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Fracking’s impacts on Alberta farming families: Lost hair, dead cows

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PostedOctober 21, 2013 by in Western Canada
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Fracking's impacts on Alberta farming families: Lost hair, dead cows

Photo: Damien Gillis

Read this Oct. 21 feature from TheTyee.ca, examining the real world impacts of shale oil fracking on farming families in Alberta.

Nielle and Howard Hawkwood do not welcome the west wind at their 40-year-old cattle ranch just north of Cochrane in the foothills of the Rockies anymore.

The polite couple, whose family has farmed in the region for 100 years, will tell you why with a quiet sense of disappointment and an uncomfortable clarity.

The west wind now often carries flared-off pollutants from many of the 70 tight or shale oil wells in the region. All use the controversial technology of hydraulic fracturing with horizontal wellbores to access unconventional hydrocarbons in the nearby, booming Cardium tight oil play.

“It’s an absolute disaster,” says Nielle Hawkwood, a 64-year-old retired speech and language pathologist. “It’s a public health disaster. It’s an environmental disaster. It’s a disaster for future generations. And it’s very, very difficult to come out and say that when some members of the community are gaining income from this.”

Her 58-year-old husband, Howard, just calls it “the wild, wild west. There is no one to police it or investigate it.”

Driven by royalty holidays, low-cost water and high oil prices, about a half-dozen Calgary-based oil companies — including Lightstream Resources (formerly PetroBakken) Pengrowth Energy, TriOil and Tamarack Valley Energy — rushed into the foothills north of Cochrane just five years ago and started a drilling and fracking frenzy.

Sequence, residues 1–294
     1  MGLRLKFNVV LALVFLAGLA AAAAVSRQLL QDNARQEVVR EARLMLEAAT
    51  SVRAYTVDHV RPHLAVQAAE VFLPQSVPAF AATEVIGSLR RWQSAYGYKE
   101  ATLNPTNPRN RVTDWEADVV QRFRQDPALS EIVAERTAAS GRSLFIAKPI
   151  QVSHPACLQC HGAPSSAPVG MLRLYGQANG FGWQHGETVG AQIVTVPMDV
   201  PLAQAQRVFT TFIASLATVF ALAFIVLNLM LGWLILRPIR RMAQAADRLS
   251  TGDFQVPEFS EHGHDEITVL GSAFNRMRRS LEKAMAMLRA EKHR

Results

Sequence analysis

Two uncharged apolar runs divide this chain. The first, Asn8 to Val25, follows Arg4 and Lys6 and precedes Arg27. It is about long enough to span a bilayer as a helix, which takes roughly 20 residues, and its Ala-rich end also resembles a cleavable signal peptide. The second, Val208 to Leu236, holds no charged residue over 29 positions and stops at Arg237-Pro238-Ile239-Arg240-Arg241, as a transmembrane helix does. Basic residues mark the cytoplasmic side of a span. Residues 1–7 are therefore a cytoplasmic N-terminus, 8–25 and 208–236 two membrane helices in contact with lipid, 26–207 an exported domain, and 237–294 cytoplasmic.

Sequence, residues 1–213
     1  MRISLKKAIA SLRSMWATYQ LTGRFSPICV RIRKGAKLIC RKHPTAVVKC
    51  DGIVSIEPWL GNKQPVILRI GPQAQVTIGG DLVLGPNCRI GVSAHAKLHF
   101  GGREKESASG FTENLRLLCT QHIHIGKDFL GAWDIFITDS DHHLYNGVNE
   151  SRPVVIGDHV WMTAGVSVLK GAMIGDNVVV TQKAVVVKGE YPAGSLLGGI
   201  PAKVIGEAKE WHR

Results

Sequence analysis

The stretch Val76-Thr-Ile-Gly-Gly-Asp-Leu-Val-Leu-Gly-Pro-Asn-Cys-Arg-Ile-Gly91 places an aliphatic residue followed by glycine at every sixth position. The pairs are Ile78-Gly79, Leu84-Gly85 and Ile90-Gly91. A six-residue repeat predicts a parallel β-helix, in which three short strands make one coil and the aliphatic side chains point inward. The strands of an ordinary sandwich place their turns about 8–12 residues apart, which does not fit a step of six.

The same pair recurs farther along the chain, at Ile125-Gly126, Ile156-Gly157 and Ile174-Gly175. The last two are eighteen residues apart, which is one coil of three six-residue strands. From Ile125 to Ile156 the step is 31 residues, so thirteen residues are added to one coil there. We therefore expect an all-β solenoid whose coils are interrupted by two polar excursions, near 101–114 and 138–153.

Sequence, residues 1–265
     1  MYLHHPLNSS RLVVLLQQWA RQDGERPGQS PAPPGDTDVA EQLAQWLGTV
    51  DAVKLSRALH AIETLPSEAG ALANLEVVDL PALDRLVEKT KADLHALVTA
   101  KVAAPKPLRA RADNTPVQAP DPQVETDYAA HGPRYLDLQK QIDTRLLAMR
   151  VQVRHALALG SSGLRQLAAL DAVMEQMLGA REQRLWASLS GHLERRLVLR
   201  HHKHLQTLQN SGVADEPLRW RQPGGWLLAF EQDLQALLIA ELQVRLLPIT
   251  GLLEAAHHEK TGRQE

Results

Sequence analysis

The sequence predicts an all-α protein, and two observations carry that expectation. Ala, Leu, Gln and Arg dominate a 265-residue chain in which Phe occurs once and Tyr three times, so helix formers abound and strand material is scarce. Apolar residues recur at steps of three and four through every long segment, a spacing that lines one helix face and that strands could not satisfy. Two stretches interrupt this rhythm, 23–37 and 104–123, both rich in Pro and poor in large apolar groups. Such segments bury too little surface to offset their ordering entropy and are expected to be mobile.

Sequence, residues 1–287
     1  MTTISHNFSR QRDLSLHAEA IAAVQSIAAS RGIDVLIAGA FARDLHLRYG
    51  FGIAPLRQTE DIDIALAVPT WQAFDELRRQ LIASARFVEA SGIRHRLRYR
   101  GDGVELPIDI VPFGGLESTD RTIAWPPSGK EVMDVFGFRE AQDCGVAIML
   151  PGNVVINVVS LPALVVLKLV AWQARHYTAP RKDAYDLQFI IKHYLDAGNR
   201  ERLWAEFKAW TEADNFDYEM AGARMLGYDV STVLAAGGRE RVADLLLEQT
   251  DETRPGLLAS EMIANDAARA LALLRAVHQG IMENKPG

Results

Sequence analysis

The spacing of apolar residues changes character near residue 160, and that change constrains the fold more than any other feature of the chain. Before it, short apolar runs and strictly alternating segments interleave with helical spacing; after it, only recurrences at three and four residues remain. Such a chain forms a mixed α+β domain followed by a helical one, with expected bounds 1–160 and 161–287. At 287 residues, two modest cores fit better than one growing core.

Using large volumes of municipal water, sand and fracking chemicals — including gelled hydrocarbons such as diesel fuel, condensate and kerosene — the companies have drilled down into a 2,000 metre deep formation. They blast the deep rock with highly pressurized fluids horizontally, up to two to five kilometres from the vertical well. Each well can require as many as 25 high-pressured fracture jobs to break up the concrete-like formation which is riddled with natural fractures.

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One Comment


  1.  
    nonconfidencevote

    WHAT has to happen before people realize that fracking is poisoning the very water that we drink?
    What will it take for everyone ,everywhere to say, “Enough!”

    Will it take a town full of people to get sick, or worse? a city full of people?

    Its unbelievable that area after area all over the US and Canada are reporting the same problems when fracking sets up shop nearby and NOTHING is done!

    Have all our politicians sold their souls to the almighty dollar?

    If the New Brunswick protesters are any indication. People ARE waking up and they want absolutely nothing to do with fracking in their back yards!
    Mr Harper take note. You’ve pushed too far on this one.





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